I bought this book partly with gift cards after Christmas. As one of the 2021 Winter Reading Challenge categories is Memoir/Biography, you can guess which one I picked up first. And, probably, which one I said to myself One more chapter a couple nights before going to bed, wherein one more chapter sometimes meant more than one.
Okay, so for those of you who don’t know who Sid Meier is: Well, this book can explain that. He was one of the founders of MicroProse, who left MicroProse to found Firaxis, and even before he created the Civilization franchise which continues to dominate my free time, he was responsible for numerous games that shaped my beautiful wife and I’s lives. MicroProse also did F-15 Strike Eagle and whatnot; he/they made Pirates! which I just installed on my Windows 10 box, and it works, but not in a nice windowed mode; and he was responsible for the licensed Magic: The Gathering game that my beautiful wife has been able to hack and install on machines up until Windows 10. So, yeah, we have played a lot of them.
The book tells his story from his youth, his learning computers, his time in Switzerland, and onto the rudimentary games that he wrote in college and as a young man working for General Instrument, a cash register company. Then he and Bill Staley founded MicroProse, and the rest was history in the making. They developed flight simulators, including Gunship which I played for hours and hours in the trailer in Murphy, Missouri, when I had time for hours and hours of Gunship, D&D, and watching movies over and over again on Showtime–however did I have that many hours in the day?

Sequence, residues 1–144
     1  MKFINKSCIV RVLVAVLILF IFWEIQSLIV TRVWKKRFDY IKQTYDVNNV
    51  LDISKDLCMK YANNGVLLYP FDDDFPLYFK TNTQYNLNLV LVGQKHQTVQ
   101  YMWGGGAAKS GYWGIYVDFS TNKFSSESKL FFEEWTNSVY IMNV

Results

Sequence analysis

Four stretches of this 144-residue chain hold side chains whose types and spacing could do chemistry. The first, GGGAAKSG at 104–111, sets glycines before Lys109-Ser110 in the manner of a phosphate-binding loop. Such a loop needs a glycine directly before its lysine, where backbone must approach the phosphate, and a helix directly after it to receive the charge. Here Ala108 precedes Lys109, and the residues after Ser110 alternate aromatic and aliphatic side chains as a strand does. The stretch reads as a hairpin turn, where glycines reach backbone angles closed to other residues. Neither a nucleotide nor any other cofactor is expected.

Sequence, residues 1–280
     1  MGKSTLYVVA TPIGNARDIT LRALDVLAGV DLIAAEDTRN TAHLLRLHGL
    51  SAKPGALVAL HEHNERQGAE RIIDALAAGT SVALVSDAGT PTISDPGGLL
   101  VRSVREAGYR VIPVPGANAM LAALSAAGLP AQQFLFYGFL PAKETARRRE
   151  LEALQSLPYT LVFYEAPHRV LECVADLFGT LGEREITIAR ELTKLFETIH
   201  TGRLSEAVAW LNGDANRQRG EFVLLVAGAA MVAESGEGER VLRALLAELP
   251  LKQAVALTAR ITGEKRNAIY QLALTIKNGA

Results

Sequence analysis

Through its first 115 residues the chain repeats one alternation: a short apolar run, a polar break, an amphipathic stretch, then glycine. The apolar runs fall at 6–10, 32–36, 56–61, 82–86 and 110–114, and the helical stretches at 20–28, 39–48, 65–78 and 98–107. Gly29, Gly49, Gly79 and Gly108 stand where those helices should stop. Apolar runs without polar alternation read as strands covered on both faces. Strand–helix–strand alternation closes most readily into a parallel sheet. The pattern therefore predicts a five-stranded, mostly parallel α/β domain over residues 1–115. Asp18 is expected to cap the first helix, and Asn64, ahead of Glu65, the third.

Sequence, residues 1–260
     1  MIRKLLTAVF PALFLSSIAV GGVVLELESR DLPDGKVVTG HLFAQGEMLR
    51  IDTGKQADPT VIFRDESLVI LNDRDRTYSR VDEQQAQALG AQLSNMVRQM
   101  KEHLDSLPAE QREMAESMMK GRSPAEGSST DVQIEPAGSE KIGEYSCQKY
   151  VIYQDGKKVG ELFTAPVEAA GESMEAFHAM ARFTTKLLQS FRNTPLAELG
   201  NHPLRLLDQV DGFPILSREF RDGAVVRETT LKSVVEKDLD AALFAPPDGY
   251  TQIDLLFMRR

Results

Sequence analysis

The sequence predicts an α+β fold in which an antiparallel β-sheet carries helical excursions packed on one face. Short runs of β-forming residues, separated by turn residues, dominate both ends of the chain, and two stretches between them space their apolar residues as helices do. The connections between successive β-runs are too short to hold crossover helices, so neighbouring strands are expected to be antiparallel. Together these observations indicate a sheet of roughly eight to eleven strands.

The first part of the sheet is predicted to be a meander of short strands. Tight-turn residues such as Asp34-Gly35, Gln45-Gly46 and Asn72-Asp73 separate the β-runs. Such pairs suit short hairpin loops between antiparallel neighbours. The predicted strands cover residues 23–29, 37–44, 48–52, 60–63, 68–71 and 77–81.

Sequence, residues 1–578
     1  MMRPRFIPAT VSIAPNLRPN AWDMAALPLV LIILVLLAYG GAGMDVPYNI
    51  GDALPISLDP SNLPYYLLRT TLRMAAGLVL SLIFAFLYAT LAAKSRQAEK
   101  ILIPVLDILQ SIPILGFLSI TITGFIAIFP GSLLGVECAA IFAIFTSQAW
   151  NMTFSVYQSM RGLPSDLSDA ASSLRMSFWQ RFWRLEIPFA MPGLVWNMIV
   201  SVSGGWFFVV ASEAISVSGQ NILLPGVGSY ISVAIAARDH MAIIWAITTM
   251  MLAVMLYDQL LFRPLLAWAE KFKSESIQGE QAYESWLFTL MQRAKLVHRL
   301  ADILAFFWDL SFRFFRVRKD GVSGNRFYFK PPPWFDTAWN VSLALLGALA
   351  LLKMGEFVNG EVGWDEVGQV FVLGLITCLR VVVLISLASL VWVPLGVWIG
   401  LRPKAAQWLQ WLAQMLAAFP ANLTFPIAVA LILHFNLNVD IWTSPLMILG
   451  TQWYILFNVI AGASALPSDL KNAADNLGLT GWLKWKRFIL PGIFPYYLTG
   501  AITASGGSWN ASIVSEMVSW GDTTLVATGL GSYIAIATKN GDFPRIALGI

The early chapters recount the history of MicroProse and then Firaxis on an almost year-by-year pace, tying each chapter to video games released that year. In the early chapters, they come fast and furious, and Meier (and Noonan) work in his back story and early life while they do. Later, as Meier becomes a recognized brand and becomes more of a team leader and executive, and the actual narratives of game development and running the company fade, and we get more general musings on games as education and whatnot.
So Meier’s philosophy has always been to build something fun, not just something that will sell (especially by slapping Sid Meier’s name on it). He sticks to turn-based games mostly, and although towards the end we do get some modernization and some attempts at MMORPG and console games, his work still seems old fashioned in a good way.
So I liked the book, and I liked Sid Meier, the person, as presented in the book. It made him real, it made him humble, and it made him seem like a fellow I would like to know.